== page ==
3rd Minnesota Volunteer Infantry – On duty at Batesville, Arkansas until September 2, 1865.

4th Minnesota Volunteer Infantry – On duty in Washington, D.C. until May 23, 1865.

5th Minnesota Volunteer Infantry – On duty at Montgomery, Selma and Demopolis, Alabama until August 1865.

6th Minnesota Volunteer Infantry – On duty at Montgomery, Alabama until July 1865.

7th Minnesota Volunteer Infantry – On duty at Selma, Alabama until July 20, 1865.

8th Minnesota Volunteer Infantry – On duty at Raleigh, Greensboro and Charlotte, N.C. until July 11, 1865.

9th Minnesota Volunteer Infantry – On duty at Montgomery and Selma, Alabama until July 26, 1865.

10th Minnesota Volunteer Infantry – On duty at Meridian, Mississippi until July 1865.

11th Minnesota Volunteer Infantry – Assigned to duty guarding the line of the Louisville & Nashville Railroad from Nashville to the Kentucky line. Companies E, G, and I were at Gallatin, Tennessee. Company A was at Buck Lodge. Company B at Edgefield Junction. Company C at Richland. Company D at Sandersville. Company H was at Mitchellsville. The location of companies F and K are unknown at this time. The regiment remained on duty at these locations until June 25, 1865.

2nd Regiment Minnesota Cavalry – Engaged in frontier and patrol duty between Forts Wadsworth, Abercrombie, Ripley and Ridgely with headquarters at Fort Snelling, until November 17, 1865.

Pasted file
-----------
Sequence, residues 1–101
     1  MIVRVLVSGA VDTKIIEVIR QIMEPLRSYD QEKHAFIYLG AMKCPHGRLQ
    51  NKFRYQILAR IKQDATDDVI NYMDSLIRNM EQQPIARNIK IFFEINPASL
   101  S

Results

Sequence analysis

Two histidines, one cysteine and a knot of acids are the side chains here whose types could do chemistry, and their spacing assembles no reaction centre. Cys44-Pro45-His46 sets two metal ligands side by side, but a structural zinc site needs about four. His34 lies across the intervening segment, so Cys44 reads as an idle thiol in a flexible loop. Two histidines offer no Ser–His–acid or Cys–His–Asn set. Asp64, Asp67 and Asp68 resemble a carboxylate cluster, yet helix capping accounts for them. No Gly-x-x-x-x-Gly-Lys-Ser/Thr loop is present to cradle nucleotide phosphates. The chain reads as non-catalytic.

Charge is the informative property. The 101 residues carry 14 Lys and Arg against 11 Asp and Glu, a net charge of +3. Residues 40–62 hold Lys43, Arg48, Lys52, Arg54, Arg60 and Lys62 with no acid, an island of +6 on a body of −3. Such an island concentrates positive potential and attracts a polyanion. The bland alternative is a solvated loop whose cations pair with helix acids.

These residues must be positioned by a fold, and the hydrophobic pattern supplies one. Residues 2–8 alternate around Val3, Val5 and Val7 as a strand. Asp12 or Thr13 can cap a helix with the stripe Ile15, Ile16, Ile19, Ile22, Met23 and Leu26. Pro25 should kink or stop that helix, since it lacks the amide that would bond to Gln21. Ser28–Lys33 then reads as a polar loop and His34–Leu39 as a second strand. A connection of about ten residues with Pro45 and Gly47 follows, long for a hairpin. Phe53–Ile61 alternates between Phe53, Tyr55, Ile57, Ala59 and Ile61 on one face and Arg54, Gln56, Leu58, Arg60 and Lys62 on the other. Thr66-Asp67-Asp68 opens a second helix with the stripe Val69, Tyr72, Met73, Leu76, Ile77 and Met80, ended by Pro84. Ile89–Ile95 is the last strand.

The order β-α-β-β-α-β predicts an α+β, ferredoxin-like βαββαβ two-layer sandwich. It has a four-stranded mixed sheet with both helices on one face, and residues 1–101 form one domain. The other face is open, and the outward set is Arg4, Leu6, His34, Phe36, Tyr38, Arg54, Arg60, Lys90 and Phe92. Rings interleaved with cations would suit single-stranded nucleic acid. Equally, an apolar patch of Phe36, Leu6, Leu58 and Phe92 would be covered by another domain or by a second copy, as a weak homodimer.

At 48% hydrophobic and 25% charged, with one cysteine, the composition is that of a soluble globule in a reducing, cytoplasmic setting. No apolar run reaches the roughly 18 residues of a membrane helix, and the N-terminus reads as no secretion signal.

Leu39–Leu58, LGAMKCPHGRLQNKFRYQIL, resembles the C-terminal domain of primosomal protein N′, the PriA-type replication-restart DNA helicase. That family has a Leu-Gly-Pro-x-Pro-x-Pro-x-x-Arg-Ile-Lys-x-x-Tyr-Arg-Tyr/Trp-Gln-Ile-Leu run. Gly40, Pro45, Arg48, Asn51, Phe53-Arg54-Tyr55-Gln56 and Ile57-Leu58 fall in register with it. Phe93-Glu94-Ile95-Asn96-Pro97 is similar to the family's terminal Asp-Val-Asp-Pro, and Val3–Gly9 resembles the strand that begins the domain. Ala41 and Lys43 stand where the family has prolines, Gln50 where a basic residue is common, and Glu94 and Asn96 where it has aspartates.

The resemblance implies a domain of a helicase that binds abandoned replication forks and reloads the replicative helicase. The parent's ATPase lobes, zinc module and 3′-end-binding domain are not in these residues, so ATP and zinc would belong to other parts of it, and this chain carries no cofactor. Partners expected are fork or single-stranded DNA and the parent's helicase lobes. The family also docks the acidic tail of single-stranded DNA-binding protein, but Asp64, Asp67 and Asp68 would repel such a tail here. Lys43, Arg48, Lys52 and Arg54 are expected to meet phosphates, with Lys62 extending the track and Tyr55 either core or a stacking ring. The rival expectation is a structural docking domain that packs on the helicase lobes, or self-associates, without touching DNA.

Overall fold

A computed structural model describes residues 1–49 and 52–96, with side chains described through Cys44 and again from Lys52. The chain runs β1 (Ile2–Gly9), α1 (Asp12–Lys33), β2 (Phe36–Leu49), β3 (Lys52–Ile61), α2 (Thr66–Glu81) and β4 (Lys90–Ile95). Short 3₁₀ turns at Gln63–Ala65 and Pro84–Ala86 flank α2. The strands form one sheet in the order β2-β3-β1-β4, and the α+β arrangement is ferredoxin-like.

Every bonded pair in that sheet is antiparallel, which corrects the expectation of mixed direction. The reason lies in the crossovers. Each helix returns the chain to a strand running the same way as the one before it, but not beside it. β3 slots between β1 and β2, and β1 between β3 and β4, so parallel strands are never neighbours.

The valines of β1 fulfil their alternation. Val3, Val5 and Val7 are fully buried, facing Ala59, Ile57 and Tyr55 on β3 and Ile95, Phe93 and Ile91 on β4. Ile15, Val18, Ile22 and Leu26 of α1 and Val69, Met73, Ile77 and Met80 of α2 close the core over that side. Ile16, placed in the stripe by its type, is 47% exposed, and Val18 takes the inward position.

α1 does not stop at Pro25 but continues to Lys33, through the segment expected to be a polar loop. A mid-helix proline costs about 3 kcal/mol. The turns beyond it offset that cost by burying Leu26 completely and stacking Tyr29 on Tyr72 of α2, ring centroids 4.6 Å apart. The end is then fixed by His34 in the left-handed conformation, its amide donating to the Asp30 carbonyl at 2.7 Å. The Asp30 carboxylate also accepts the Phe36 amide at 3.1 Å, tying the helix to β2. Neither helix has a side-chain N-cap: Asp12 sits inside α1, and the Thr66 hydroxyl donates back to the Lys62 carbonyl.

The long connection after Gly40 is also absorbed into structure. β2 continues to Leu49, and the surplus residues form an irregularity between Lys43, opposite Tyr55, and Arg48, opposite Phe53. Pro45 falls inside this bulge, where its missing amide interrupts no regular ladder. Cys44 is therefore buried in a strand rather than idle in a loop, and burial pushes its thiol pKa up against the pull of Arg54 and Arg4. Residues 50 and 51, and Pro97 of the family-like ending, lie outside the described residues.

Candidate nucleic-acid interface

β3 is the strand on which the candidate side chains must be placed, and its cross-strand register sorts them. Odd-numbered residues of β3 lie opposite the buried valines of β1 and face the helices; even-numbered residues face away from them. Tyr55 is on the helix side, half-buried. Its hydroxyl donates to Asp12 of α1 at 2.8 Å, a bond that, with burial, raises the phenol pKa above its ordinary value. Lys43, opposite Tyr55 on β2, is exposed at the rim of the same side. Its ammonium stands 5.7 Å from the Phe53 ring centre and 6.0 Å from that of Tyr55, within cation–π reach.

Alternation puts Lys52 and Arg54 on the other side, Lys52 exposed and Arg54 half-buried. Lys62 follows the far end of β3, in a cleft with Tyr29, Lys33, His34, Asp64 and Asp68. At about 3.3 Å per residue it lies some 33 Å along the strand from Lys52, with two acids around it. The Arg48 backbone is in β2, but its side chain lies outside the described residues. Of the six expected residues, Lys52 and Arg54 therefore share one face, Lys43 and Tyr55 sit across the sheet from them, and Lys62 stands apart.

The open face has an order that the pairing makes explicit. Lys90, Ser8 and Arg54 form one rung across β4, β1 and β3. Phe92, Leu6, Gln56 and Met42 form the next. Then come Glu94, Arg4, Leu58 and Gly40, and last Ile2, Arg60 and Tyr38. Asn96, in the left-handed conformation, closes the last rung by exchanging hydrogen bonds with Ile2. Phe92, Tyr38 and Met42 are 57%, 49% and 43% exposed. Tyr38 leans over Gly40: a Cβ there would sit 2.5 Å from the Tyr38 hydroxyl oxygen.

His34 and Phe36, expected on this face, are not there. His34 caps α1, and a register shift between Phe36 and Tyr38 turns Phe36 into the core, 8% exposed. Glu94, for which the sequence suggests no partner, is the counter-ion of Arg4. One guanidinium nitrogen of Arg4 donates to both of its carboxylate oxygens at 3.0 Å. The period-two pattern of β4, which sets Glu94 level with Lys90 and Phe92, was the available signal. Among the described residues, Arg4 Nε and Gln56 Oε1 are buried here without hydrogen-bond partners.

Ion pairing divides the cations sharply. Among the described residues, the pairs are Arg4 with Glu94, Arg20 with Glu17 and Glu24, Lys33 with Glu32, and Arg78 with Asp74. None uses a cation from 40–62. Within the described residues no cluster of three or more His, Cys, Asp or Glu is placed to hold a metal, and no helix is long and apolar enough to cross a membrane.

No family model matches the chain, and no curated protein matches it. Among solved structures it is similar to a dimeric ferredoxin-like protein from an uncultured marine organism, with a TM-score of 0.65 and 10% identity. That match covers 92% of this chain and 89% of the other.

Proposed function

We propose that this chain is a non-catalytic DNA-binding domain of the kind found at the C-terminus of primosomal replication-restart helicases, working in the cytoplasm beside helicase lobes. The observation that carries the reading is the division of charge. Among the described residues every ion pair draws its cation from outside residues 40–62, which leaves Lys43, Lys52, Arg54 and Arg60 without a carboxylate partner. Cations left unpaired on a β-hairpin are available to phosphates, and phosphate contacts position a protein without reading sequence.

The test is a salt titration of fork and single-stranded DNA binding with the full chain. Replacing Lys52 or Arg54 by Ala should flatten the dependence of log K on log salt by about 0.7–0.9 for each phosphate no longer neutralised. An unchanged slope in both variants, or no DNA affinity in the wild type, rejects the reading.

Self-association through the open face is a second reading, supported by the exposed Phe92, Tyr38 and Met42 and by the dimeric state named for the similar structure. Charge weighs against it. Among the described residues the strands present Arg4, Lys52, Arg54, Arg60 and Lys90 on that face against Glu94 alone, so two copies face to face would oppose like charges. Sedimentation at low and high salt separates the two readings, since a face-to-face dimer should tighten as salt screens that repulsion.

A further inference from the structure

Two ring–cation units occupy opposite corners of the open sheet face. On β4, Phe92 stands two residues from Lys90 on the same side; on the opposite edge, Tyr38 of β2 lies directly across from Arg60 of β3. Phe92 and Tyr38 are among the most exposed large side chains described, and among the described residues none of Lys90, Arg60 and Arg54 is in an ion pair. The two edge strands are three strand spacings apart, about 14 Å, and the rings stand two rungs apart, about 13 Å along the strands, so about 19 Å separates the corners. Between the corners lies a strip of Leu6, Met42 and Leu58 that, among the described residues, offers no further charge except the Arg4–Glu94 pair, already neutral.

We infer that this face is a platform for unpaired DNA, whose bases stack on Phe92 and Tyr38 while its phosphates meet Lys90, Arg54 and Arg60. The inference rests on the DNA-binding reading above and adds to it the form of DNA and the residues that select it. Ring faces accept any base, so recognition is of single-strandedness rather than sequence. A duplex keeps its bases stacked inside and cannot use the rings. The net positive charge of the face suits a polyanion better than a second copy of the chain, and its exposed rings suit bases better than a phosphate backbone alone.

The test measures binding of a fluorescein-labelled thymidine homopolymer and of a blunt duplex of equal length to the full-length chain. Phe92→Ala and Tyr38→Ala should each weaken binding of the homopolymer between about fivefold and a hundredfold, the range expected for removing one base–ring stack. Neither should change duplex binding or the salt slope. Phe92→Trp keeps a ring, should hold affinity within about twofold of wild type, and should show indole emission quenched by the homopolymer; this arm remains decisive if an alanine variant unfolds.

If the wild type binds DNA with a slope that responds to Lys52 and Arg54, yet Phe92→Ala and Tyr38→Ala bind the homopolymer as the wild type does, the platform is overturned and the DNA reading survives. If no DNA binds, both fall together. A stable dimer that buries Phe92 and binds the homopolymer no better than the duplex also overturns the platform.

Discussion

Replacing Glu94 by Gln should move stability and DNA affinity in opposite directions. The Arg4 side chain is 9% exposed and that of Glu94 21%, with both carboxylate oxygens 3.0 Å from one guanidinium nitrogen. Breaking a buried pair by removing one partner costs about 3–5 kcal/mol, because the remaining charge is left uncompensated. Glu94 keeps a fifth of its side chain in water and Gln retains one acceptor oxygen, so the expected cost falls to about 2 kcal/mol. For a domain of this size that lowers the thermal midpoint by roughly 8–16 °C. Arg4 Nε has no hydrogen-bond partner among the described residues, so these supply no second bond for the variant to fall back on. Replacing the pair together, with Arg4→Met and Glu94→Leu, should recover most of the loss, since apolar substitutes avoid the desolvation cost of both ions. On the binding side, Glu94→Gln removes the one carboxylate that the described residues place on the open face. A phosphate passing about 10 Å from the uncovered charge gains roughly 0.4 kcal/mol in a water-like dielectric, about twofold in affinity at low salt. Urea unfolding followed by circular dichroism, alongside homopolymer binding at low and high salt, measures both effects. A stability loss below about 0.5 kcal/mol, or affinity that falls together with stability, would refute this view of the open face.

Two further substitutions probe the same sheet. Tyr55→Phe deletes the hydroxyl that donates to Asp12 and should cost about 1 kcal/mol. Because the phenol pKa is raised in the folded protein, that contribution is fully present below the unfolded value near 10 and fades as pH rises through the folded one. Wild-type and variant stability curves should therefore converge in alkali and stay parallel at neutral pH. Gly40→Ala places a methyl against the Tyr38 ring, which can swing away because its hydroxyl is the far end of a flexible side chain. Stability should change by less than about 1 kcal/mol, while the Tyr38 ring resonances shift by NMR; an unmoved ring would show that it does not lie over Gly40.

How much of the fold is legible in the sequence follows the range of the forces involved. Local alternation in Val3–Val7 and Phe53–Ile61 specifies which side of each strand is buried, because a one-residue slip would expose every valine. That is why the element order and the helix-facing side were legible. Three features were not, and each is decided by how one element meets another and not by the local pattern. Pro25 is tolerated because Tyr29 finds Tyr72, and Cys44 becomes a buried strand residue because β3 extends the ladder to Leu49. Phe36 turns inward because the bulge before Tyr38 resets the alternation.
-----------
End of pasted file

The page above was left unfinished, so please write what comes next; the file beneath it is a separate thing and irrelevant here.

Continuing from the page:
Brackett’s Battalion of Minnesota Cavalry – Engaged in frontier and patrol duty between Forts Wadsworth, Abercrombie, Ripley and Ridgely with headquarters at Fort Snelling until May 1866.

Hatch’s Independent Battalion of Cavalry – Companies A, B, C and D moved to Fort Abercrombie. Companies A and B assigned to garrison at Fort Abercrombie.  Company C assigned to garrison at Alexandria and Pomme de Terre. Company D on patrol duty from Fort Abercrombie to Pembina.  Companies E and F on frontier duty. The battalion would remain in these duty locations for the duration of the war – until April 26, 1866.

1st Minnesota Heavy Artillery Battery – On garrison duty at Chattanooga, Tennessee until September 27, 1865.

1st Minnesota Light Artillery Battery – On duty in Washington, D.C. until May 24, 1865.

2nd Independent Battery Minnesota Light Artillery – On duty in Philadelphia, Tennessee until July 1865.

3rd Independent Battery Minnesota Light Artillery – On duty in Dakota Territory until October 1865.                                                                                                                                   

Inactive units:

1st Regiment Minnesota Cavalry “Mounted Rangers” – Formally mustered out of service on December 7, 1863. Inactive.

1st Minnesota Volunteer Infantry – Mustered out of Federal service on April 29, 1864. Inactive. 

2nd United States Sharpshooters, Company A – Transferred to the 1st Battalion, Minnesota Infantry on February 20, 1865 at Petersburg, Virginia for duration of service. 

1st United States Sharpshooters Company I – Mustered out of Federal Service on March 19, 1865. 

To learn more about the American Civil War, click here